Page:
A radical left-wing activist who was arrested on suspicion of passing on information that led to the death of a Palestinian who sold land to Jews is also suspected of contacting a foreign agent.
The law defines such a suspect as someone who there are reasonable grounds to suspect has collected confidential information on behalf of a foreign state or terrorist organization, or who has carried out any other activity that is liable to endanger state security.
The suspect, whose details are under gag order, claimed in a television expose that he had in the past transferred details on sellers of Palestinian land that led to the death of one of them. It is this activity which police believe may endanger state security. In addition, he is suspected of being connected to the commission of a crime.
The suspect was arrested at Ben Gurion Airport on Monday while trying, according to suspicions, to flee the country. On Tuesday, the Jerusalem Magistrates' Court extended his detention by seven days. Because he is suspected of endangering state security, he has been barred from meeting a lawyer for five days.
The investigation into the suspect's activities is being handled by the Samaria and Judea District Police.
The judge barred the publication of his details out of concern that this may interfere with the investigation. As such, it was also ruled that hearings regarding the suspect and his activities will be held behind closed doors as they will touch on matters of state security. The judge also forbade photographing of the suspect in the court passageways.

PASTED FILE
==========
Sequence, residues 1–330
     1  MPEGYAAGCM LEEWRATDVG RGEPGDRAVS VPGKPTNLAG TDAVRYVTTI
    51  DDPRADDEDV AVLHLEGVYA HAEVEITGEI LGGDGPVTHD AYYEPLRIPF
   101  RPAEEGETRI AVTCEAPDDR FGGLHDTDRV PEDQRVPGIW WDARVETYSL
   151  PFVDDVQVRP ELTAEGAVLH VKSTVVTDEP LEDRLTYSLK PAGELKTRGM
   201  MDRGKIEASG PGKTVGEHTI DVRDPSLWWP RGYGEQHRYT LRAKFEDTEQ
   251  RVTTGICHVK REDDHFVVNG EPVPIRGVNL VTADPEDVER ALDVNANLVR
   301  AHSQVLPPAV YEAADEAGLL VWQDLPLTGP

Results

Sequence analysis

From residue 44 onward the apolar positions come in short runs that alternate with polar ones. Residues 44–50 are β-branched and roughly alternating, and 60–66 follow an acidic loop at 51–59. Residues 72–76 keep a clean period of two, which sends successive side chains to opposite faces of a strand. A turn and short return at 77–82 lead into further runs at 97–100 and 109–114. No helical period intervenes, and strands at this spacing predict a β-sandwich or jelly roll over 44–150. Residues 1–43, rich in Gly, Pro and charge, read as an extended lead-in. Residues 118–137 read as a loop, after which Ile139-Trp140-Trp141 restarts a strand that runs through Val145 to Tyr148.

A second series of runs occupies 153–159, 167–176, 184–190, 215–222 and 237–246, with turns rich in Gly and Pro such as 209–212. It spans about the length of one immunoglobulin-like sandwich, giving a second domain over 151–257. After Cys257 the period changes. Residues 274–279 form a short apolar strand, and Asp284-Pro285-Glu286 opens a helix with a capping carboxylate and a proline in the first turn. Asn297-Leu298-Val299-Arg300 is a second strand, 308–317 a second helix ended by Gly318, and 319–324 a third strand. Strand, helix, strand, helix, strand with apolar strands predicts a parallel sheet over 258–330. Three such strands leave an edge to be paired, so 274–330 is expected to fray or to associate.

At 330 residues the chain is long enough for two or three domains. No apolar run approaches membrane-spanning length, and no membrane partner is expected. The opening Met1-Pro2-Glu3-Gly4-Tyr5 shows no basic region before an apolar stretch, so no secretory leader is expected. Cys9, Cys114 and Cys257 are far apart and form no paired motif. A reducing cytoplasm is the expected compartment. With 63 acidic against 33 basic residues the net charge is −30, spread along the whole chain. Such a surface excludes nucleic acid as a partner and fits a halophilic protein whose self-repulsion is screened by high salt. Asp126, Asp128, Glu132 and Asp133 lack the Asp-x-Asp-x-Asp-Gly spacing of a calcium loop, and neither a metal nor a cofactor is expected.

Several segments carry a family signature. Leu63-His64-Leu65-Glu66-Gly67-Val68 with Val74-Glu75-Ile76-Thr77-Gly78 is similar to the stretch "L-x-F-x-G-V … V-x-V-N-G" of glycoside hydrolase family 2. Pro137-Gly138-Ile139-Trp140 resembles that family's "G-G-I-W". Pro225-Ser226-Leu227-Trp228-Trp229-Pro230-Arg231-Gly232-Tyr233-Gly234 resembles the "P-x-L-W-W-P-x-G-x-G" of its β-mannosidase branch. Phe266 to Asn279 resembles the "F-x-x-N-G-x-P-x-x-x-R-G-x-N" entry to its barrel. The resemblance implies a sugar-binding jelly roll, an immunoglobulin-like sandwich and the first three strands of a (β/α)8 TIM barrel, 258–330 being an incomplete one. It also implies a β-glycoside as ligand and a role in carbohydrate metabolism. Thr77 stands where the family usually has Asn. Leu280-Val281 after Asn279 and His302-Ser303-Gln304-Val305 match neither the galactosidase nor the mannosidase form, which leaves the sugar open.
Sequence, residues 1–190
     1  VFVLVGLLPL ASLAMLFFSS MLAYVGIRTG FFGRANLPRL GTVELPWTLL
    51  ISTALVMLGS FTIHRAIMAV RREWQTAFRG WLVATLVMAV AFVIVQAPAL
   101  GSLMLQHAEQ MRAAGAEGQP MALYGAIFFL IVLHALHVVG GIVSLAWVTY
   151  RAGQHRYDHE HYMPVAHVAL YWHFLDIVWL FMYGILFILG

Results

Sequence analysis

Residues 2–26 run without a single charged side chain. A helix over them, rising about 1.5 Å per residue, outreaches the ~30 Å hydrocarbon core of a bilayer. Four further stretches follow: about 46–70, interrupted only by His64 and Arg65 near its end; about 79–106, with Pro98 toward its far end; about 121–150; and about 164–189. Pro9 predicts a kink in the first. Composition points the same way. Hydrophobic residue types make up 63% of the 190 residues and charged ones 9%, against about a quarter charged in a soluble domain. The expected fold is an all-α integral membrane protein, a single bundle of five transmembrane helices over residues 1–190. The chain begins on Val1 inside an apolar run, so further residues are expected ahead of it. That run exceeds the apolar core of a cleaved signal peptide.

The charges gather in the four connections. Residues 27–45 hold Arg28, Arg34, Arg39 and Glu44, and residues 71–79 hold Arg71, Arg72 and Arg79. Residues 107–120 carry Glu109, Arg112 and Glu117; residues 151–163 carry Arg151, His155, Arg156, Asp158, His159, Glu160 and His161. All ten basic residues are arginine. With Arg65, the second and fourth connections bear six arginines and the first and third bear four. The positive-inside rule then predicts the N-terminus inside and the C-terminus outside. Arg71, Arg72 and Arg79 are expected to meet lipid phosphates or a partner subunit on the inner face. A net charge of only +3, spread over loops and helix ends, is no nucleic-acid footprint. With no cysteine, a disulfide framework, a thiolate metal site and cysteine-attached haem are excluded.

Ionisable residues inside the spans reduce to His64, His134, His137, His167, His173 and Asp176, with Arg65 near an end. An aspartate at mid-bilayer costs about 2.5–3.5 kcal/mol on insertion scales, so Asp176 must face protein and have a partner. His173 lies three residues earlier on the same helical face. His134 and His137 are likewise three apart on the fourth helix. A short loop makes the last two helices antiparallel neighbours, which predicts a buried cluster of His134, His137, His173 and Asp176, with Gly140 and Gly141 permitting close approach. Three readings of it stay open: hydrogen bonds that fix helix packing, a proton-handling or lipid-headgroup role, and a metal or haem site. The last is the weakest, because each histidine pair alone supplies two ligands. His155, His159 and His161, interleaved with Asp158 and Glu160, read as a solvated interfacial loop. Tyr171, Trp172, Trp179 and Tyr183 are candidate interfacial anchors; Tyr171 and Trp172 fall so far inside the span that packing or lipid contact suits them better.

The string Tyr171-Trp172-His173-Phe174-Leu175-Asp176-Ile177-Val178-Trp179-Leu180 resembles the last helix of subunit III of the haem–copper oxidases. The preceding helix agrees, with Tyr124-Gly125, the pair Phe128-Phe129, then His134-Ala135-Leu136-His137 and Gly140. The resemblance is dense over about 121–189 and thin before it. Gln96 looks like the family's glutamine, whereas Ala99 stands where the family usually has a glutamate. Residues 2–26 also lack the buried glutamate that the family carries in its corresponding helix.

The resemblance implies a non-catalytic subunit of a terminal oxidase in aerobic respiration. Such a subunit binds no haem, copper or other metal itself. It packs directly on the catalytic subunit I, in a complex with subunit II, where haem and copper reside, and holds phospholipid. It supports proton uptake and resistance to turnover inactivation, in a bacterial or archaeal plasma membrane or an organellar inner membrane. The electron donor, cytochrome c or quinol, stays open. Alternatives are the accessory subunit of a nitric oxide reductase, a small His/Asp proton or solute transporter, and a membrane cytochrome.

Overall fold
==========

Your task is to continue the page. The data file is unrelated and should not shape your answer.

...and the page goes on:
The suspect's lawyer, Lea Tsemel, said on Tuesday in response to the investigation: "The police are trying to create symmetry between the Duma murderers and my client. The same method and the same practice. It won't help them."
A number of left-wing activists arrived at the court on Tuesday in support of the suspect, including Rabbis for Human Rights head Rabbi Arik Ascherman. Ascherman stressed that he was there in his own name and not on behalf of the organization.
"I have known and respected him for many years," Ascherman said of the suspect. "He is not a perfect individual, but he has done a lot of good in the world." Ascherman said that as far as he is concerned, the suspect simply boasted and had not done anything more than that.
"Because of the severity of the matter we are looking into it seriously. Every Palestinian in the South Hebron Hills knows him. If there is an attack there by Israelis at dawn they all know they can call him, and he'll be there," Ascherman said.
According to him, the suspect had good connections with area residents, and not just Palestinians but some of the settlers as well.
Ascherman added: "The NGO has frozen its work with the activist until there is a clear horizon. We are taking it seriously. No one like what was said. Nonetheless, Jewish tradition states that even God cannot judge a person until He has examined something himself, and therefore we need to clarify whether there is something more than boastfulness here."